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Red zone

As Republicans scramble to stanch a November bloodletting at the congressional level, they’re casting a fearful eye at the electoral punch the Obama machine will bring to the fight.

Their fears focus less on  whether Obama will win deep-red states and more on whether his ability to register millions of new voters — and turn out record numbers of African-Americans and younger voters — could close the gap so significantly that presumably safe Republican congressional incumbents will be wiped out as collateral damage.

“I think you’ll see House members who won their last race by 60 percent-65 percent lose because of the turnout model that Obama brings,” admitted Florida Rep. Adam Putnam, House Republican Conference chairman.

The danger is real. Already this year, increased African-American turnout helped Democrats win deep-red open seats in Louisiana and Mississippi. The more conservative of the two — Mississippi’s 1st congressional district — gave Bush a 62-37 victory in 2004. Over 100 congressional districts held by Republicans are less conservative than MS-01.

Recent national polling isn’t giving Republicans reason to breathe easy. A Research 2000 poll taken last week suggested strong and broad geographic strength for Obama, a boon for down-ticket Democrats everywhere.

In the Northeast, where a dying Republican Party faces complete annihilation, Obama predictably crushes John McCain, 59-32. Connecticut Rep. Christopher Shays is all that stands between wall-to-wall Democrats in New England’s House caucus. In New York, Republicans may well be left with just two of 29 seats come January. The Midwest, with its myriad battleground states, was always going to be hotly contested, so Obama brings few surprises to the table. Still, his 53-37 lead in the region will greatly aid Democrats up and down this fierce electoral battleground.

It’s the West and South, however, where Republicans find themselves uncharacteristically on the defensive. While Bush won the West 50-49 in 2004, Obama currently leads 52-37, affecting House and Senate races in just about every state in the region — not just blue and purple states like California and Washington, but the deepest-red ones as well. For example, Bush handily won Alaska (61-36), Idaho (69-30) and Wyoming (69-29) in 2004. Yet if recent polling is accurate and Obama loses those states by a mere five to 15 points, surprisingly competitive Democratic House challengers in those states (and others in the region) will have much smaller gaps to overcome.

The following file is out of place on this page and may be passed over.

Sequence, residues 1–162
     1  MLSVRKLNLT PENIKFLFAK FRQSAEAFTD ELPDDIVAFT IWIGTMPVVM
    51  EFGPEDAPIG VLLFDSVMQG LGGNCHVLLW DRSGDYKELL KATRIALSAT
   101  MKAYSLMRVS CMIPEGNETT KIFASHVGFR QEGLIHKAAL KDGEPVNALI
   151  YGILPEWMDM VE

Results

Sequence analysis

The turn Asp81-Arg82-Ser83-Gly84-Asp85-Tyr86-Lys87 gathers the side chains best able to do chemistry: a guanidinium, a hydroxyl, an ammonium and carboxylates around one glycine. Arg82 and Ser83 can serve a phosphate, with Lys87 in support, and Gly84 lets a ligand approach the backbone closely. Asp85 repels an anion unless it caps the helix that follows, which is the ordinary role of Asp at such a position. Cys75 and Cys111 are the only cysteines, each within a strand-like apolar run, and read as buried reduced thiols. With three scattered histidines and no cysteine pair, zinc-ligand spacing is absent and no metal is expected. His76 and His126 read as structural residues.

The South, too,  is  no longer a Republican sanctuary. Bush’s 16-point victory in 2004 is now a narrow 48-43 McCain advantage. Like in the West, the narrower the gap at  the top of the ticket, the better off  are  those  lower  down. And record black turnout might not just deliver a surprise or two for Obama, but also a handful of House and Senate seats as well in places like Oklahoma, the Carolinas, Georgia, Mississippi, Florida and Texas.

 The GOP’s challenges are myriad — they’ve lost 1 million registered voters since 2004, while Democrats have gained 700,000. Younger voters are trending toward Obama 63-26, are poised to turn out in record numbers and voted 3-to-2 for Democratic House candidates in 2006. An increase in their numbers correlates with more pain for Republican House candidates. And newly engaged voters, regardless of age, are less apt to know who the incumbent is, negating the incumbency advantage.

As much as Republicans pretended, during the Democratic primary, to prefer Obama as their opponent, the fact is Hillary Clinton would’ve run a traditional campaign focused on traditional swing states. Obama poses a much deeper threat to the GOP’s future in every state of the union, from the bluest to the reddest.

Moulitsas is founder and publisher of Daily Kos (www.dailykos.com).